Picking up one such map, her mother shrugged almost disinterestedly. It was as though she had given up for the moment. "I was trying to see if I could improve on one of our maps from my own notes, but it seems the map was faulty to begin with."
Aren placed the larger sheet of paper where Rynata could see and pointed to a few marked points on the land formation. "Here, here, and here. The measurements are off. It doesn't match with what we've seen and that means the rest of the map is probably skewed as well."
Sighing, she wiped her ink stained hands on a piece of cloth. "It was a cheap thing, so I suppose I shouldn't have expected much. Probably some cartographer in training."
Rynata frowned at the strange word.
With a hint of a smile, her mother corrected her. "Cartographer. Map writer. So, the practice of it would be cartography."
"Oh. Ma, maybe next time you should only buy the ones with monsters at the side."
"Wh- monsters? Why so?"
It was Aren's turn to frown in confusion.
"If a map shows the monsters, maybe it's measured more carefully. Because they included the things that people will want to watch out for. Maybe they did better research?"
Rynata said. After all, if it was her sailing, she would want to know what creature infested waters to avoid. She thought that many an adventuring tale would have gone far more smoothly if only the crew had possessed an accurate monster map. Pattering over to wall opposite the window, Rynata reached up and pointed to a beautiful map that hung there. It was much larger and older than the rest of the charts they had, and along the sides curled strange creatures with numerous tentacles or gigantic pincers. "See? You use this one a lot. This one is better."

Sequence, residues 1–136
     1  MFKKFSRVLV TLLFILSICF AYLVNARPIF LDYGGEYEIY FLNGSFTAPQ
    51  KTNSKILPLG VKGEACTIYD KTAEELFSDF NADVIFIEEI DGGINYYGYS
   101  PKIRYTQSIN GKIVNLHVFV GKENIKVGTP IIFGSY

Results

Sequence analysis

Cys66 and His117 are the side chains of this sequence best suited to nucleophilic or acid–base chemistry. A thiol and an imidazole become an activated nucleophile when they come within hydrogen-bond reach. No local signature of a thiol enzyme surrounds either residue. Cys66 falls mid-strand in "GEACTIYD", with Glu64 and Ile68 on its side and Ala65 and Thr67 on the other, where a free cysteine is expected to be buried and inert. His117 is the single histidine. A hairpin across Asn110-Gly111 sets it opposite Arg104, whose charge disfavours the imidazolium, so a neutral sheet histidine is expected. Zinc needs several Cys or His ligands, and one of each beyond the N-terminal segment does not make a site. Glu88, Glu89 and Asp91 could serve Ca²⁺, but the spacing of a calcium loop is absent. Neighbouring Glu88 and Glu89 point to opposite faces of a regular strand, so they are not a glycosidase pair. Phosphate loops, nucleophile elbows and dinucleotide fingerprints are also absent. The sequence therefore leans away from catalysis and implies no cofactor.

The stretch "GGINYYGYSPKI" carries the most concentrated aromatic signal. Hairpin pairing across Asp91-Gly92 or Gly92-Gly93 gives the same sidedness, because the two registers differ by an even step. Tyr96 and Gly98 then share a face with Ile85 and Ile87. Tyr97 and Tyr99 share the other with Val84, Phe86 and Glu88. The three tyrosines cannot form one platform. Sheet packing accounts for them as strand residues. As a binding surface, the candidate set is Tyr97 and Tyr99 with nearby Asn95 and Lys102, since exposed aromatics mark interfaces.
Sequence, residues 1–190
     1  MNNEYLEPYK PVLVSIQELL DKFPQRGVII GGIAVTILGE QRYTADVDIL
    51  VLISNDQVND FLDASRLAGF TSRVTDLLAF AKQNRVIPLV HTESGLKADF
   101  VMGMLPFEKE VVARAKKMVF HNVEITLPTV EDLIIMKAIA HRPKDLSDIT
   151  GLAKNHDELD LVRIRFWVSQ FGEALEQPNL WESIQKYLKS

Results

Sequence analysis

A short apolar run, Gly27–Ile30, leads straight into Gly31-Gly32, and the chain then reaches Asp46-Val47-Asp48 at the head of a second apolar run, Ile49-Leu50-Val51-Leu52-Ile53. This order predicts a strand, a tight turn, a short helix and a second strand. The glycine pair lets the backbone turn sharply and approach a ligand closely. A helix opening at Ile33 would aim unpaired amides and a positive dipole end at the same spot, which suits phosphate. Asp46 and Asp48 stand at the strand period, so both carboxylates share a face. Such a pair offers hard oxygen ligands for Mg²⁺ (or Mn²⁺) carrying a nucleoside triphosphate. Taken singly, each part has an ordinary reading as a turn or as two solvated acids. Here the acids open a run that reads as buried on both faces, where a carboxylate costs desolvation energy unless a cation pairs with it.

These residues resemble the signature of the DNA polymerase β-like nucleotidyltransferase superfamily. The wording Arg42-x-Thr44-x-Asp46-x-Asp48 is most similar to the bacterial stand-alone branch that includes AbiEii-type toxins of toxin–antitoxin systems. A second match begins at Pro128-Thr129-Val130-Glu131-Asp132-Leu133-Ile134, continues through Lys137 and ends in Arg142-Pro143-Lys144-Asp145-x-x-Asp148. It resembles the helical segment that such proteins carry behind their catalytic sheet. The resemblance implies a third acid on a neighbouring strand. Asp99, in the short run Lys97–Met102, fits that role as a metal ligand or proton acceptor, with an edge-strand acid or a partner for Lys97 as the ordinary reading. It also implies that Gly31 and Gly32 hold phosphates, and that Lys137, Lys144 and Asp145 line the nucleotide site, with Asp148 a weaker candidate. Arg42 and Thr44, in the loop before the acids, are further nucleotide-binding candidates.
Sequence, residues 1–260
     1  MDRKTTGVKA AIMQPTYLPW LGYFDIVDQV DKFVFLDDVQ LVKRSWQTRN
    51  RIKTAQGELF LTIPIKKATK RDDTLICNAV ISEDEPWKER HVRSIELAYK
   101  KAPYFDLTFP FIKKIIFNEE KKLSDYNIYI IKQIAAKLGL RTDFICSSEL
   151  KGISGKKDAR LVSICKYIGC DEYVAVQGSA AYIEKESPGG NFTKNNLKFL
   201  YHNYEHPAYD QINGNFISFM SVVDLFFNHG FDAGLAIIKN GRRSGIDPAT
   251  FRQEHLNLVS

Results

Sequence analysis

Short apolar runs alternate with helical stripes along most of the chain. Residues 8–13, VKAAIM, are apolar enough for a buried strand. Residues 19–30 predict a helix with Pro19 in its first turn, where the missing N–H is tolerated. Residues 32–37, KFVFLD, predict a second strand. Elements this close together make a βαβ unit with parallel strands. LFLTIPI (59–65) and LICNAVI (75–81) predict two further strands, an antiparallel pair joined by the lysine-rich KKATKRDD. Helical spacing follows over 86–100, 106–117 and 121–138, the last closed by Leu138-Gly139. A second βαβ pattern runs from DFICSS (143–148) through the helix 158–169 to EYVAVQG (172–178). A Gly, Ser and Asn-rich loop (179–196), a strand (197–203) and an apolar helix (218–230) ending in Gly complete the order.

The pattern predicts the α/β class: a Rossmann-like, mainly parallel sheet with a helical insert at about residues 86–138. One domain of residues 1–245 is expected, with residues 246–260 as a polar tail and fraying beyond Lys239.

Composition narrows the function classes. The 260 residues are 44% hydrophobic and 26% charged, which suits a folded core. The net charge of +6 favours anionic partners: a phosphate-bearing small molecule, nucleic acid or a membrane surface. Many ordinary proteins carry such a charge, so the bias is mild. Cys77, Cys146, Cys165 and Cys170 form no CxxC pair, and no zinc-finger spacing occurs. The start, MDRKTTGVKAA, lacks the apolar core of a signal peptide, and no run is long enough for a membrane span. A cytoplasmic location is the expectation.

"I don't think map quality works like that, my star."
her mother said slowly, only half following her daughter's child logic. "Those drawings are just designs. Besides,"
she quickly added at the crestfallen look on Rynata's face, "sea monsters can move. Even if someone drew them, it wouldn't be much use to sailors if they swam away, yes?"
After a moment's pause, Rynata nodded in serious agreement. "But I would still draw them,"
she announced stubbornly. Maps were more fun that way. When she was older, she would make sure to have the most accurate maps that didn't forget to add local sea monsters.
Outside, the heavy clouds finally grew too dense to support themselves and icy sleet rained down onto the docks. Wet clumps sloshed against the glass window of the cabin and onto the ship's deck. Aren pushed back her chair and walked over to the window pane. Putting her forehead close to the transparent barrier, she looked out and hummed. She had hoped that the weather would hold until her husband and sons had returned. Still, she needn't have worried much, as she saw a familiar shadow fell across the gangplank.
Rynata's mother turned back to her and nodded with a smile in her eyes. "Well, you can show your father what you drew and if you like, he can help you draw up a map, yes?"
Accompanied with a blast of cold air that sent loose papers fluttering, the door to the cabin opened and the rest of the family crowded into the room.
One of her brothers, Korim, managed to roll his eyes and quip before the door shut behind them. "You wouldn't believe the mud puddles."
Rynata bounced across the room with a happy cry and leapt into her father's arms.
Andres Qy'Ufnaj barely managed to pass on the packages in his hands to his wife before he caught Rynata. "Happy birthday, Sirin! How do you fancy some chocolate cake?"
There was indeed a box containing large chocolate cake among the other packages of groceries and sweets purchased for a special dinner. On top of that, once she had been set down, her parents handed Rynata her presents. Both father and mother placed neatly wrapped objects into her hands. The one from her father was cylindrical and encased in a tube, while the one from her mother was a small, smart box.
Aren squinted at her husband's present and smirked knowingly. "You had that store wrapped, didn't you?"
Andres shrugged helplessly and watched his youngest child excitedly pass her eyes over the small notes attached.
To my precious daughter, may the path ahead always be clear.
To my precious daughter, may you always find your way.
Inside the packaging lay a shining, bronze spyglass and an older compass. Both practical tools, but also sentimental, in a way.